LACHS: None of the LACHS are up and running yet, but the government tells us they are starting a training scheme in July. Seriously, the Act was passed two years ago. Minister Buti as minister wears this one. He has promised they will run a TAFE course training them how to run surveys. One wonders why this is necessary if they have had the knowledge passed down.
Petition: Well done PGA and Liberals for getting 30,000 signatures on the Legislative Council petition calling for a 6 month delay. WAFarmers have been busy working on not a delay but a complete overhaul of the regulations to take the money out of the incentive to find heritage everywhere we want to build something.
Future proofing: One glimmer of good news is you can do a deal with your local LACHS and bring the elders out to undertake a full survey and lock it in for a set amount of time. Spending $10,000 each with your five neighbours to lock and load heritage certainty for the next 50, 500, 5000, 50,000 years by mapping all sites could be a good use of family farm funds. But good luck with that as the lawyers will not want their gravy train to end. But I suspect the elders will be open for a deal so long as it’s win win and real heritage is protected and farming can continue.
Old Act prosecutions: Interesting to note that even under the old Act very few prosecutions were pursued with about one each year across the South West. The old Act was not weak but there was no incentive to go chasing farmers over normal farming activity. Are we solving a problem that does not exist?
Q and A: The department needs to make it far easier to follow the schedule of what’s acceptable and what’s not. I bet the Minister would fail a simple test of fence lines and tiers even if given a days notice to study up and he’s book smart. A list of Q’s and A’s on the govee web site is a first step, but then I doon think they have the A’s.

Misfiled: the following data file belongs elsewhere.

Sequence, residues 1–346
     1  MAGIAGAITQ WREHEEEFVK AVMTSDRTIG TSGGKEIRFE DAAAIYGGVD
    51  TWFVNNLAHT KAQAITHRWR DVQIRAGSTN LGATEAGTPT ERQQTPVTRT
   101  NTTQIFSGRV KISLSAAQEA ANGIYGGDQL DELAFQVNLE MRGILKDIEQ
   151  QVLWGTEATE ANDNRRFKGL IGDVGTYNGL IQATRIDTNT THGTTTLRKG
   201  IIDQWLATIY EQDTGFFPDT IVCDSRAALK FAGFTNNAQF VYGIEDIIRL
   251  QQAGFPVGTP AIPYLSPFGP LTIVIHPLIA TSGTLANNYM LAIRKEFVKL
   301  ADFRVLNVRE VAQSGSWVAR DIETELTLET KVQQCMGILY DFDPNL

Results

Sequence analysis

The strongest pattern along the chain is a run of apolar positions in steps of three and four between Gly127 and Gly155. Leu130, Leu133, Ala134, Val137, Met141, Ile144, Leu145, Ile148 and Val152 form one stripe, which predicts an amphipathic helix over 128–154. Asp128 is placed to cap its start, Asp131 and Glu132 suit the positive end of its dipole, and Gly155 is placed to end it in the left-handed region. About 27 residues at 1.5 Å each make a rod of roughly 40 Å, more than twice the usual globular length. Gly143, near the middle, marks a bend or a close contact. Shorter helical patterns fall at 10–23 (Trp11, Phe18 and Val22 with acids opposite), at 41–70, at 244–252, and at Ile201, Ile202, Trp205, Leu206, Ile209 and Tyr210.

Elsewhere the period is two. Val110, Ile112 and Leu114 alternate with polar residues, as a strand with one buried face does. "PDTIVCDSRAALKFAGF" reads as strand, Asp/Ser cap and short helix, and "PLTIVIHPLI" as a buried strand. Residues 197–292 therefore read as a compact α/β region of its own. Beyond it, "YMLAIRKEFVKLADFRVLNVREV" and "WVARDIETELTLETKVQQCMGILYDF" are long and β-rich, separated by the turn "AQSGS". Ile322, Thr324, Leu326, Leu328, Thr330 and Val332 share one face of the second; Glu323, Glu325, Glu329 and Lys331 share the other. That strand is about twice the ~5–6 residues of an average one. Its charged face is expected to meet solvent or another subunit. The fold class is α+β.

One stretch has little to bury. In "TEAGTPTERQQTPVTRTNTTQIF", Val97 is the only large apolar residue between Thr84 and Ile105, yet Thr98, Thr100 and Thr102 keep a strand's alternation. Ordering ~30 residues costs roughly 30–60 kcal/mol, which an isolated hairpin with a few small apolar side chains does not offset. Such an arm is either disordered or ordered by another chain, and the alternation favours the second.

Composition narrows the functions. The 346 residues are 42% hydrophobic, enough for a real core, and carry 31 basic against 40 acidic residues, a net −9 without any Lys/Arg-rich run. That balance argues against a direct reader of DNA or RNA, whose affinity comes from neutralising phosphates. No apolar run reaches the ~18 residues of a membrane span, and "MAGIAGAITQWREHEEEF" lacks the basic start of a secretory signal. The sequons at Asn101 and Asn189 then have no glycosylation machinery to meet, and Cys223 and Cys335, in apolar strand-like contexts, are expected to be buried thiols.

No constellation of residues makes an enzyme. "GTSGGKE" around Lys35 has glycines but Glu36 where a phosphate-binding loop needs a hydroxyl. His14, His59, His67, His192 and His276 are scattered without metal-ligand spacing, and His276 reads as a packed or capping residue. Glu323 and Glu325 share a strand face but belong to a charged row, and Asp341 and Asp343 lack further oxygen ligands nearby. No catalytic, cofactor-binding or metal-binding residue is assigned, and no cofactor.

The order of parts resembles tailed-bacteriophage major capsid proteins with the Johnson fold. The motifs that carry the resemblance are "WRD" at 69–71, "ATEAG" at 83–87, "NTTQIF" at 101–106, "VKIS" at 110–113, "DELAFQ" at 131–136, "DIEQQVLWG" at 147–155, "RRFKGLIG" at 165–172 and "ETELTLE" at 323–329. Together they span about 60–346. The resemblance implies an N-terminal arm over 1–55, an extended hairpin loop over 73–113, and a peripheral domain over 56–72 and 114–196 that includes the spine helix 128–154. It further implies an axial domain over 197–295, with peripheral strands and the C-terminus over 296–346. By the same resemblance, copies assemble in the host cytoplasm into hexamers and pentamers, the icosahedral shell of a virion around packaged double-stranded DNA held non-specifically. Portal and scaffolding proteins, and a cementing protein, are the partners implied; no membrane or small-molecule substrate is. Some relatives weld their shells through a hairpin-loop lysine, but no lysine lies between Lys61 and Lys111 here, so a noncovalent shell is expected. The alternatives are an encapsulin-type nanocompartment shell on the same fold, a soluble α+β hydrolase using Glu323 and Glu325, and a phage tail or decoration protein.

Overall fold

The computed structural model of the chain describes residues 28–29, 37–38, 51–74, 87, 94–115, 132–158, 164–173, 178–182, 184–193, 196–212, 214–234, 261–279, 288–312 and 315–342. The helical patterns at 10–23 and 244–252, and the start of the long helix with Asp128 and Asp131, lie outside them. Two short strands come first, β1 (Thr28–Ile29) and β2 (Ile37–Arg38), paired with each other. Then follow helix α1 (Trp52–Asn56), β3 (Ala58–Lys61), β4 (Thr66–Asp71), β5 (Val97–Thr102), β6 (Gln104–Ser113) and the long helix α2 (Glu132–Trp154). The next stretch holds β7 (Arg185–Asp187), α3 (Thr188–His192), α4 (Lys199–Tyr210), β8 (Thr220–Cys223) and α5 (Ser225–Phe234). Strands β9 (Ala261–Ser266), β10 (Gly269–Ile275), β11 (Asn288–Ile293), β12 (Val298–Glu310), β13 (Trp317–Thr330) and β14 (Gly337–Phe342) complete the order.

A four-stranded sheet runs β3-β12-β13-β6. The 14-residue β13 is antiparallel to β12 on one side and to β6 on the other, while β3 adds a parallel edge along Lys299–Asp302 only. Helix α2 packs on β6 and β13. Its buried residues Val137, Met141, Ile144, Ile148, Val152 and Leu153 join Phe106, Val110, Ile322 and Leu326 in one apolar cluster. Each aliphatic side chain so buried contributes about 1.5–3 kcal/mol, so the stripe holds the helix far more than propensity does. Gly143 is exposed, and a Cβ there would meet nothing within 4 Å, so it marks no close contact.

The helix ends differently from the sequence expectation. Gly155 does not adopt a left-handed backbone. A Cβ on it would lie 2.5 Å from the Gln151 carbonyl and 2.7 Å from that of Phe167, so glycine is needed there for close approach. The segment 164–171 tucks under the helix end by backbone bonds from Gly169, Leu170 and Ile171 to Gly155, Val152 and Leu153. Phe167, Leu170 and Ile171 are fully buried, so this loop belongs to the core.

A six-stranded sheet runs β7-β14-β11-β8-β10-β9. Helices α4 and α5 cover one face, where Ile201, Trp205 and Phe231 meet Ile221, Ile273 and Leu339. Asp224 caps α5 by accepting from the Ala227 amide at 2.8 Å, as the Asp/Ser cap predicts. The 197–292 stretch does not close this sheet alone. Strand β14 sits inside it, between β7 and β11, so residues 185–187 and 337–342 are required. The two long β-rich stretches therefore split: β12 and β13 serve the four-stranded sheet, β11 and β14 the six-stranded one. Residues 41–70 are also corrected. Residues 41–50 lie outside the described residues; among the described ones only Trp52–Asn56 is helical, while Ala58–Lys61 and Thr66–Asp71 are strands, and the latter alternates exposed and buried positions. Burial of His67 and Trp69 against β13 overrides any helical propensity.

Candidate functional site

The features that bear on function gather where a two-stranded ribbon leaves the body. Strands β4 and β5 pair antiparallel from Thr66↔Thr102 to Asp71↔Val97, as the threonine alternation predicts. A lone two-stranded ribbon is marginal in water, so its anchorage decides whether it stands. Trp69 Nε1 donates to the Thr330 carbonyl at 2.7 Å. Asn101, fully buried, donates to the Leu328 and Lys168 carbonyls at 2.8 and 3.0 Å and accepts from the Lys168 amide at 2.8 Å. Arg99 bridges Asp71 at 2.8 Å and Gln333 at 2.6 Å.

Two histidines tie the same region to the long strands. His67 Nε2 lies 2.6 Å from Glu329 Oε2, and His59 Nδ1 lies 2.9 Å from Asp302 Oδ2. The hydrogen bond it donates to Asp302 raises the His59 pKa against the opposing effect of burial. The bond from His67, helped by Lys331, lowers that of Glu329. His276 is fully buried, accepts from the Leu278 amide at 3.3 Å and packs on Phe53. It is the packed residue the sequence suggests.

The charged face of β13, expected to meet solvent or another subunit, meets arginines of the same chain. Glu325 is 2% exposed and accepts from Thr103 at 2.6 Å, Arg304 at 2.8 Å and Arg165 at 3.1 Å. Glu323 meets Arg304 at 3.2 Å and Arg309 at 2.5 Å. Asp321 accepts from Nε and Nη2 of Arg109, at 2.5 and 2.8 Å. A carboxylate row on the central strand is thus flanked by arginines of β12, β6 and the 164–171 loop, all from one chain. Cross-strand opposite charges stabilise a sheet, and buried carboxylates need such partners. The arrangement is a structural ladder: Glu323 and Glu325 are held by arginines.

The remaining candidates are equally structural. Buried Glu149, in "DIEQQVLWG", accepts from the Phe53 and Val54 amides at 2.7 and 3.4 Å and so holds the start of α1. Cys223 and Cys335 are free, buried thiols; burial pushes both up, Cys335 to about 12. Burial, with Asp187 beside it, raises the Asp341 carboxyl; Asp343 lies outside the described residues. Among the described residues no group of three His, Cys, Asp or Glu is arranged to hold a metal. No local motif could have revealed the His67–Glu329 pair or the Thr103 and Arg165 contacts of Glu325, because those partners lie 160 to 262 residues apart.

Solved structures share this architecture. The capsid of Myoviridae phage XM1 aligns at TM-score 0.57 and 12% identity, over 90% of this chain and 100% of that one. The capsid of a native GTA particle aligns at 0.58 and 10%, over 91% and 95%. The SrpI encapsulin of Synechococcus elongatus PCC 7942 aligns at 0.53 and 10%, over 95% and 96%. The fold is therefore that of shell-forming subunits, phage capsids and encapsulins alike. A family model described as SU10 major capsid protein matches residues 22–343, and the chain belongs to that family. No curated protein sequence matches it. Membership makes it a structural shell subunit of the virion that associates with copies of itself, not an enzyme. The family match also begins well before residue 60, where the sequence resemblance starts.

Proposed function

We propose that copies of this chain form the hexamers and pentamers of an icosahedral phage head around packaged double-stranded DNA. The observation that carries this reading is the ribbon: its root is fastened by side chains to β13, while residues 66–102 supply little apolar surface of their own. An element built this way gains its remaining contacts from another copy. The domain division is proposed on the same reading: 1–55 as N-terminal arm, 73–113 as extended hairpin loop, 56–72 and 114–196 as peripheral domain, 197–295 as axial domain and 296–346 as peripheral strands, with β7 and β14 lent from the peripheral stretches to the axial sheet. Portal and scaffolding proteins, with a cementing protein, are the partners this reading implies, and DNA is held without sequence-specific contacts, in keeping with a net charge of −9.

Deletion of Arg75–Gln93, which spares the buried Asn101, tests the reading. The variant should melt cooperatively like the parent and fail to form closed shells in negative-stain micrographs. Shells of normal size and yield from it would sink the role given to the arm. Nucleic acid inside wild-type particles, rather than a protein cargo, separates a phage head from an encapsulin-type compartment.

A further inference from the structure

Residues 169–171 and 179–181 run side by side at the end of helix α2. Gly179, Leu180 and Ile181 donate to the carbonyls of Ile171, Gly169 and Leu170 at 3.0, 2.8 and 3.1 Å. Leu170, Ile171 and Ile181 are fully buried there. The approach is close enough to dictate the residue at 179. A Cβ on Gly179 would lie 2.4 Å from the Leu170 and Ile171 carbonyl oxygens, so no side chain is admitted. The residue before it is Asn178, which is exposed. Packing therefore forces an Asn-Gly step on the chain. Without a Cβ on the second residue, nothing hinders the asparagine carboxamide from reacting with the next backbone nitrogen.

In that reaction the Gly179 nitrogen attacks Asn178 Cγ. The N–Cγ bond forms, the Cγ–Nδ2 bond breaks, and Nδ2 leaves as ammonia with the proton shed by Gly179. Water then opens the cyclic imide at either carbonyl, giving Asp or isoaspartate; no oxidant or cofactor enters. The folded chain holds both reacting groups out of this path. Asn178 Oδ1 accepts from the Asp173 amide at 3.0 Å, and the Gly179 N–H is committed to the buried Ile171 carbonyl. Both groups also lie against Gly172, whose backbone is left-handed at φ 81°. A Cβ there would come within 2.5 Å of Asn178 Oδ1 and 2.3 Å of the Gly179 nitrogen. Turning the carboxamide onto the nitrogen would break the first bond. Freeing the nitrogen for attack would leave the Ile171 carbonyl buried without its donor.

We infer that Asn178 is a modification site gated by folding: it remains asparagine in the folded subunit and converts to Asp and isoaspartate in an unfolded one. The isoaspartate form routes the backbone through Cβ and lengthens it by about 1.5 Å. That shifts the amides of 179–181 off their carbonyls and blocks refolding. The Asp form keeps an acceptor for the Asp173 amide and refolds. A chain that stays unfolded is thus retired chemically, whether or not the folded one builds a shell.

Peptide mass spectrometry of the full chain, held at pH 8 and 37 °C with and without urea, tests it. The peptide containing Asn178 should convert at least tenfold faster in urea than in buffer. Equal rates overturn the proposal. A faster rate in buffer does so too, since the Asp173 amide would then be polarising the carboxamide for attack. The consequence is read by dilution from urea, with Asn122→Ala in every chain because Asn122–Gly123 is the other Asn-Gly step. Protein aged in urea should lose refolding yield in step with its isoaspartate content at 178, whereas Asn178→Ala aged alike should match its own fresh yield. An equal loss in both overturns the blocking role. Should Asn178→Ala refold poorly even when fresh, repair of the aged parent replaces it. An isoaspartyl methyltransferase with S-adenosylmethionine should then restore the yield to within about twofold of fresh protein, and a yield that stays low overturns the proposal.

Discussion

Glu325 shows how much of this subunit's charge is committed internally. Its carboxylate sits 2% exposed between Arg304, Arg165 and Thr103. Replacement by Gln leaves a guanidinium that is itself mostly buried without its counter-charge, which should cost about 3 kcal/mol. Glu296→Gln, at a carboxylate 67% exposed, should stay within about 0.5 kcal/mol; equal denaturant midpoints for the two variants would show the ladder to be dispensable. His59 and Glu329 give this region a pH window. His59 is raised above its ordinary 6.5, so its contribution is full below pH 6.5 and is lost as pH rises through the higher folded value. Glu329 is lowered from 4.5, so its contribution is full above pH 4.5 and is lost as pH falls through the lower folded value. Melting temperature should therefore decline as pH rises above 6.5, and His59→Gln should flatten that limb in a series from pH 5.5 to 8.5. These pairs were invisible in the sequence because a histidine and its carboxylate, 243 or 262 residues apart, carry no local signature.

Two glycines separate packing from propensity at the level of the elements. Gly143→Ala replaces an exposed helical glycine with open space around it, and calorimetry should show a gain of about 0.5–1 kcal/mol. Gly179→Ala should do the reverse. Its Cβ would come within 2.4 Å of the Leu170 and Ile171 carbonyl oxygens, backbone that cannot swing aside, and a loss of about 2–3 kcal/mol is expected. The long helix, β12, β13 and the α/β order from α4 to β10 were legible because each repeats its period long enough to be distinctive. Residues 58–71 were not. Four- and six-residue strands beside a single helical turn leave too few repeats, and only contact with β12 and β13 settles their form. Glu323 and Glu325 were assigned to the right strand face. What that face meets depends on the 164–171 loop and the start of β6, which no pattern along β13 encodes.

Renewable energy: Good luck to the government achieving its renewable energy targets when every power pole, wind and solar farm is going to end up on a heritage site. We all will pay in our power bills. Hopefully you don’t have a wind farm coming onto your property.
How much: Everything has a price. No one is talking about what it will take to buy away the heritage. If you want to put your tank stand or mobile repeater on the top of your hill, what’s it going to cost to fast track the approvals or make sure the wuggle can live with it? The miners have it down to a fine art of how to pay to make things go away. My guess is business is about to boom for the Toyota dealers in the Wheatbelt.
Land Cruisers: Reconciliation might take a turn for the worse if too many Landcruisers end up being parked in front of LACHS offices. Lucky for the Voice vote is the LACHs are not up and running yet. Any BMWs you see will be are the lawyers’ cars. No Teslas as there are no charging stations.
2030 Heritage Project: Lets fix this by 2030 and survey every farm, pastoral station and land title in the state and sort it out once and for all. The state needs to fund the elders to identify what’s important, let’s put them on they government payroll to walk the state and capture all the important places, map it and make it part of all our heritage. If it costs $100m a year it would be cheap at the price. (The miners would be the first to come on board) Anything is better than what the government has come up with which is hitting private landholders to pay on the never never for ever.
Heritage is important: I studied Australian History at University, it is one of my passions. All heritage is important. Aboriginal heritage needs to be protected. Let’s do it properly, not this way which is forcing it on private land holders and encouraging heritage to be created where none exists.
Legal advice: Do nothing, don’t turn a sod from midnight 30 June until you get legal advice. Take some good legal advice to keep the rent seekers at bay or at least until we can get some reform to this horrendous legal mess the government has dropped on the state.
Racism: Spare me the predictable criticism I expect to get through social media that this is a racist rant. I’m simply encapsulating what many are thinking if not saying at the meetings being run across the State by the government. This is poor policy that needs to be publicly debated. Maybe the Minister will join me at a public forum with the Liberals and Nationals to debate the merits of his regulations. I await his positive reply.